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  1. #41
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    Re: Avoidant Personality Disorder

    A possibly similar point:

    With negative/ruminative thinking, it's easy to get lost in symptoms, problems of living, etc. at the expense of focusing on solutions (including what you are doing already that is effective/helpful) and what you want in life anyway.

    For example:

    Solution-Focused Questions for Anxiety
    ďOut beyond ideas of wrongdoing and rightdoing there is a field. I'll meet you there.Ē ~ Rumi

  2. #42
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    Re: Avoidant Personality Disorder

    Sorry if I wasn't clear. I was just trying to express that you seem overly obsessed with finding a specific identifier to your problem(s) and it will only increase your anxiety rather than calm it. (BTW it's totally understandable)

    Physical problems need as clear and concise a diagnosis as possible. Example: My heart problem is mainly caused by acute coronary artery disease. The diagnosis is important because it defines a pretty exact treatment protocol: lowering blood pressure, thinning blood and reducing the risk of clotting by reducing my platelet levels substantially. When I had blocked arteries the diagnosis was important and hence the recommended treatment depending on the % of the blockage was stents or CAGB (Coronary artery bypass surgery)

    Psyychiatric/Psychological problems are different since the same "issue" can be caused by a multitude of factors that unless a psychiatrist or psychologist could rewind and watch your whole life to see if any outside factors that you could potentially not remember have caused or aggravated the "issue". Example my fear of abandonment and of rejection could probably be caused by childhood trauma or simply by other neuropsychiatric problems or everything combined. Knowing what triggered or cause the issue can help to understand and treat accordingly but most therapy is focused on learning to overcome and deal with it and if medication is necessary then many trials might be necessary. Psychiatry and Psychology are not exact sciences. What might seem like the blatantly obvious cause of a problem or a diagnosis might be totally out in left field. But when it comes to treating certain problems there is a lot of trial and error over the years to be able to work out an approach to help you deal with the issue. I remember when one psychiatrist told me my only problem was that I had a "personality disorder" When I asked my GP what the heck is a personality disorder he said that's what they say when they don't have the slightest clue what's wrong with you.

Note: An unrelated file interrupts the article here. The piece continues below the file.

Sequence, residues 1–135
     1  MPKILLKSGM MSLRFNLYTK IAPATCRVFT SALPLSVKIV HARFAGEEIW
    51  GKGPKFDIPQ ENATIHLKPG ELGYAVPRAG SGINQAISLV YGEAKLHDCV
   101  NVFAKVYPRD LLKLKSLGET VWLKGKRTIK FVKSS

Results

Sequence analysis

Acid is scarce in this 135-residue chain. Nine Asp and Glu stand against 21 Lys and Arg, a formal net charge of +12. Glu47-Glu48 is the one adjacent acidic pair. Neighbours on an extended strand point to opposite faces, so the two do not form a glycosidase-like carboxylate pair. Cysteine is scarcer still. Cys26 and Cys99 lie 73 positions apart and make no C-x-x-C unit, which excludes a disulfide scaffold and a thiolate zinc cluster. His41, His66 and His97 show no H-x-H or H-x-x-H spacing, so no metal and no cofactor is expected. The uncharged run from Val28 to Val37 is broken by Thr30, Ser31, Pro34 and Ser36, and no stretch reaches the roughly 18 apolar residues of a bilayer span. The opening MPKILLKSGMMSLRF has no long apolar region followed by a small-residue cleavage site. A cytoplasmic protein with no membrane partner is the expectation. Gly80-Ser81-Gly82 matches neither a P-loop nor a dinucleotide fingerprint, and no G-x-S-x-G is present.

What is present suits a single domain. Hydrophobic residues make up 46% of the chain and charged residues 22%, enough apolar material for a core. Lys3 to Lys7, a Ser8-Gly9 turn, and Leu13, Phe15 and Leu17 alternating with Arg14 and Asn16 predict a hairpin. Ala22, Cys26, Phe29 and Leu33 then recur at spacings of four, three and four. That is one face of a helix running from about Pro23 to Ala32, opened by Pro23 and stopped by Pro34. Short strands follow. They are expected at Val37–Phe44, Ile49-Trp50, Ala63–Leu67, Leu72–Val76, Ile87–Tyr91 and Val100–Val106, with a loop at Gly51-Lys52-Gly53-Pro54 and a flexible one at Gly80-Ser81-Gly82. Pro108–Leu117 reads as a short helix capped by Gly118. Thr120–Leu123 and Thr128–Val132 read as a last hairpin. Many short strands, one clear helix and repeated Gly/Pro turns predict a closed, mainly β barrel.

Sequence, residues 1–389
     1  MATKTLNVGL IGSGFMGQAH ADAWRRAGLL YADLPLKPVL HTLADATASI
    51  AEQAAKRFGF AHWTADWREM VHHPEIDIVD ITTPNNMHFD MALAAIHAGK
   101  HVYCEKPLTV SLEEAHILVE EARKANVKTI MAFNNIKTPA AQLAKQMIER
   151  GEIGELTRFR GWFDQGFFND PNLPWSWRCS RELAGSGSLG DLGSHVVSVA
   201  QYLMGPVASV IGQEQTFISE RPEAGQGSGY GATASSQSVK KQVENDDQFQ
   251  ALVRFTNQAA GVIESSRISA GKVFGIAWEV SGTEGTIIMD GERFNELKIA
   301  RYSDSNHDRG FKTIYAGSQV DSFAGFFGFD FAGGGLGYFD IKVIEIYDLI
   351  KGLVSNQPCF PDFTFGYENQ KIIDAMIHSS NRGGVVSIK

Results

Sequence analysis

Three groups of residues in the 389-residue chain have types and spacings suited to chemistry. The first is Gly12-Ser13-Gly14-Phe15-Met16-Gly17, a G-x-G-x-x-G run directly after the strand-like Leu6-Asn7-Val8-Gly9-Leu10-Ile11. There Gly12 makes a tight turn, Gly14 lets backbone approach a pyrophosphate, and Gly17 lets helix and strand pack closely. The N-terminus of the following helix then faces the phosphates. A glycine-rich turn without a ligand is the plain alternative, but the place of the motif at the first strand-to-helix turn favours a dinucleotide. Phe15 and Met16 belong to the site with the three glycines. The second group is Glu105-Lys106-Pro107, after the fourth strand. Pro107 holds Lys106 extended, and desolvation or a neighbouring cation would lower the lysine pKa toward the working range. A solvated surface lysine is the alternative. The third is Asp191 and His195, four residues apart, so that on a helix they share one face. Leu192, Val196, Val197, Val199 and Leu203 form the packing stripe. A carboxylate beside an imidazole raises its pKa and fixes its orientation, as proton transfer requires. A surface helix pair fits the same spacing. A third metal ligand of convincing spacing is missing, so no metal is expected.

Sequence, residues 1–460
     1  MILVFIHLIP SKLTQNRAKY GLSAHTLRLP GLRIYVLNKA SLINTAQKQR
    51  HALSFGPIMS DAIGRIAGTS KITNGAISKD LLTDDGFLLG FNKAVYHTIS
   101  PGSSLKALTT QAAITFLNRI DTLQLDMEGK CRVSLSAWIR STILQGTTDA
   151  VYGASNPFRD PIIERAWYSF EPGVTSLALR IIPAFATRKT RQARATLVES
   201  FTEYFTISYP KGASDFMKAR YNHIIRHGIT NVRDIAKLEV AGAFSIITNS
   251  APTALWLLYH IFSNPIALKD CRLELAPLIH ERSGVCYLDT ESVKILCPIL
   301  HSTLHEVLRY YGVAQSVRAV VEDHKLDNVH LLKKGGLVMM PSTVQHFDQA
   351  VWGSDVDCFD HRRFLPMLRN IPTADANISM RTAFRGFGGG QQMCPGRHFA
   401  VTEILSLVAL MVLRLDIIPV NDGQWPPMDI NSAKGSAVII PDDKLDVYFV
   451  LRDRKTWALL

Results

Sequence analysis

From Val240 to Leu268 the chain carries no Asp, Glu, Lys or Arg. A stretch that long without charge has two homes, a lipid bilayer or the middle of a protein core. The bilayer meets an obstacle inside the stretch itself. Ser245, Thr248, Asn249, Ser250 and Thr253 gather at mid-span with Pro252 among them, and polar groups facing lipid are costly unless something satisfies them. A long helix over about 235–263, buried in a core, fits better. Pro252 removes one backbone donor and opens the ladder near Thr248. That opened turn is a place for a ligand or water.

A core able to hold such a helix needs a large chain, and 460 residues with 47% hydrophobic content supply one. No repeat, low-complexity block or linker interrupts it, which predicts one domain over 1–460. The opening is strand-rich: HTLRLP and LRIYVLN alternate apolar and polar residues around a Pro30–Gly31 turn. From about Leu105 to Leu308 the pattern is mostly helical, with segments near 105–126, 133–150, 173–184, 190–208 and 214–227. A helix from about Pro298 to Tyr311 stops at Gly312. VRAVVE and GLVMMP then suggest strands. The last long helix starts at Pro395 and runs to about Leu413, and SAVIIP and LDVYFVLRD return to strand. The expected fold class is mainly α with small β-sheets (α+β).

Also, I believe that unless a medication has been tried and totally failed or caused serious side effects if a psychiatrist recommends trying it (ex the Prozac) then I think the risk is worth the potential reward. After all he has spent a lot of time learning about this stuff to get his degree. Worse case scenario you feel like crap till the stuff is finally out of your system if the med trial didn't work or gave negative side effects that were intolerable.

    I've personally been through 2 trials in the last 2 months one as a combo therapy with bupropion and sertraline on my recommendation and the other was my doctor's suggestion that I try Trintellix. Both were really bad total failures. Can't win them all.